Red Grouse in Iceland?

No, we aren’t going back to that well-known place to buy frozen foods but to that well-known country of Gyr Falcons, King Eiders and Brunnich’s Guillemots.

Apparently, the traditional Icelandic Christmas dish is a Ptarmigan, but numbers have declined and so Iceland has imposed strict quotas on numbers shot.  Birds should only be shot for personal consumption but it appears that Icelandic shooters cheat on this restriction.  I’m shocked.

Ptarmigan.  Photo: Boaworm – Own work, CC BY-SA 3.0, https://commons.wikimedia.org/w/index.php?curid=19168016

According to this slightly dated article, Icelanders lacking a dead Ptarmigan on their plate are importing grouse from Scotland to fill the void, fill their plates and fill their stomachs. The article says Black Grouse (it actually says black grouse which could signify the species of grouse or the colour of the meat) but I think they probably mean Red Grouse (my Icelandic is rubbish by the way).

If anyone has any more information on this: is it true? what is the email address of the Icelandic Foood Standards Agency? where do the Icelanders get their Red Grouse? is this the type of thing that Liam Fox thinks will revitalise our economy in a post-Brexit era? could you tell the difference between Ptarmigan meat and Red Grouse meat in a blind tasting? then please do get in touch.

 

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Flowers we can pick (7) – Red Campion

Plantlife, the charity which speaks up for the nation’s plants, says that it’s OK to pick these 12 common flowers (provided you don’t go beserk in the woods and fields of the UK).

Three things you might not know about Red Campion according to Plantlife.

Another alternative name from the Wildlife Trusts probably relates to an apparent use of its crushed seeds according to Wikipedia.

 

 

 

S. Rae [CC BY 2.0 (https://creativecommons.org/licenses/by/2.0)], via Wikimedia Commons

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See you for a chat on Sunday (and Saturday looks good too!)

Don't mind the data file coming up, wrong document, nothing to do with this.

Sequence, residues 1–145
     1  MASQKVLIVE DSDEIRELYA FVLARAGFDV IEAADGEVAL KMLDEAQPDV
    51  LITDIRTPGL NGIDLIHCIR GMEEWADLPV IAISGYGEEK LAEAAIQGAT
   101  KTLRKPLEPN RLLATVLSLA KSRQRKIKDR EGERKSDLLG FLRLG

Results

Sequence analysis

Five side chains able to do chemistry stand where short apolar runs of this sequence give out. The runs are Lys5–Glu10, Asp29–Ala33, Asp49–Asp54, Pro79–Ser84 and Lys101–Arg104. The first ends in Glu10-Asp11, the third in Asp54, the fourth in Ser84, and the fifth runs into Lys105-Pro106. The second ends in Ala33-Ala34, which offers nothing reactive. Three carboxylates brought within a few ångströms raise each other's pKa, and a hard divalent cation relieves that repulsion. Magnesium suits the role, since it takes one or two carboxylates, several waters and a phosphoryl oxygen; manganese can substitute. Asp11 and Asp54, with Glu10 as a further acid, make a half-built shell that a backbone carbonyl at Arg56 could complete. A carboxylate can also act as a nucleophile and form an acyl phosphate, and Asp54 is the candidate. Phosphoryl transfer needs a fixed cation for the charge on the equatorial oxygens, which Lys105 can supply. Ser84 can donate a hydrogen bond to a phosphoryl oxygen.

Yorkshire Wildlife Trust have arranged a programme of events at Potteric Carr Saturday and Sunday 21st-22nd July in celebration of the reserve’s 50th birthday. Visitors can enjoy free entry to the site and trails, where there will be activities for all ages and reserve volunteers and wardens throughout, to help visitors spot wildlife and make the most of a visit.

In addition to free entry to the reserve, Yorkshire Wildlife Trust have arranged two special events with Vicky Woodgate and Dr Mark Avery at Potteric Carr’s visitor centre. Booking for these sessions is via the Yorkshire Wildlife Trust website and there is a small charge. Both writers will also be signing copies of their books.

Vicky Woodgate has been a commercial artist for over 20 years and travelled the globe on interesting projects when working as a scenic artist in the TV, film and theme-park industry. She will be bringing her popular family workshop based on her newly released book ‘A World of Birds‘ to Potteric from London’s TATE modern – a great opportunity to work with a fantastic artist and see at first-hand how her art is crafted.

Her workshops run on the following days

Saturday 21 July 2018

15:00 – 16:00

Sunday 22 July 2018

09:30 – 10:30

Sunday 22 July 2018

11:00 – 12:00

On Sunday, Dr Avery will be holding a question and answer session between 15:00 – 16:00, as an author and leading commentator on environmental issues. He also worked for the RSPB for 25 years where he was their Conservation Director for nearly 13 years.